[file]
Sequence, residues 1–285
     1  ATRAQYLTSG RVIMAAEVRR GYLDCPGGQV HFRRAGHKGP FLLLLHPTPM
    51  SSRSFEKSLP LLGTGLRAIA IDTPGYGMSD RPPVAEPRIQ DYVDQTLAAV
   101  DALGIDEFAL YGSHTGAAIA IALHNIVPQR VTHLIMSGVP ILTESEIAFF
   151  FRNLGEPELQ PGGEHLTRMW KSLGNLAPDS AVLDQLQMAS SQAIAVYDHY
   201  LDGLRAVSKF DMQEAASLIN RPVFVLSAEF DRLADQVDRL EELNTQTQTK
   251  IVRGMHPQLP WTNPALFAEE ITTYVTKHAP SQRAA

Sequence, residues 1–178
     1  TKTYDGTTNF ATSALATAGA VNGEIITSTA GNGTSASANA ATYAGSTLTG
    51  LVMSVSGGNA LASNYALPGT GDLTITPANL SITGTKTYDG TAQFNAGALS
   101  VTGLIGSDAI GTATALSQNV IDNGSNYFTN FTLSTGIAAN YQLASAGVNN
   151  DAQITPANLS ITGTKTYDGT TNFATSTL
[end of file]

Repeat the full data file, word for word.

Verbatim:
Sequence, residues 1–285
     1  ATRAQYLTSG RVIMAAEVRR GYLDCPGGQV HFRRAGHKGP FLLLLHPTPM
    51  SSRSFEKSLP LLGTGLRAIA IDTPGYGMSD RPPVAEPRIQ DYVDQTLAAV
   101  DALGIDEFAL YGSHTGAAIA IALHNIVPQR VTHLIMSGVP ILTESEIAFF
   151  FRNLGEPELQ PGGEHLTRMW KSLGNLAPDS AVLDQLQMAS SQAIAVYDHY
   201  LDGLRAVSKF DMQEAASLIN RPVFVLSAEF DRLADQVDRL EELNTQTQTK
   251  IVRGMHPQLP WTNPALFAEE ITTYVTKHAP SQRAA

Sequence, residues 1–178
     1  TKTYDGTTNF ATSALATAGA VNGEIITSTA GNGTSASANA ATYAGSTLTG
    51  LVMSVSGGNA LASNYALPGT GDLTITPANL SITGTKTYDG TAQFNAGALS
   101  VTGLIGSDAI GTATALSQNV IDNGSNYFTN FTLSTGIAAN YQLASAGVNN
   151  DAQITPANLS ITGTKTYDGT TNFATSTL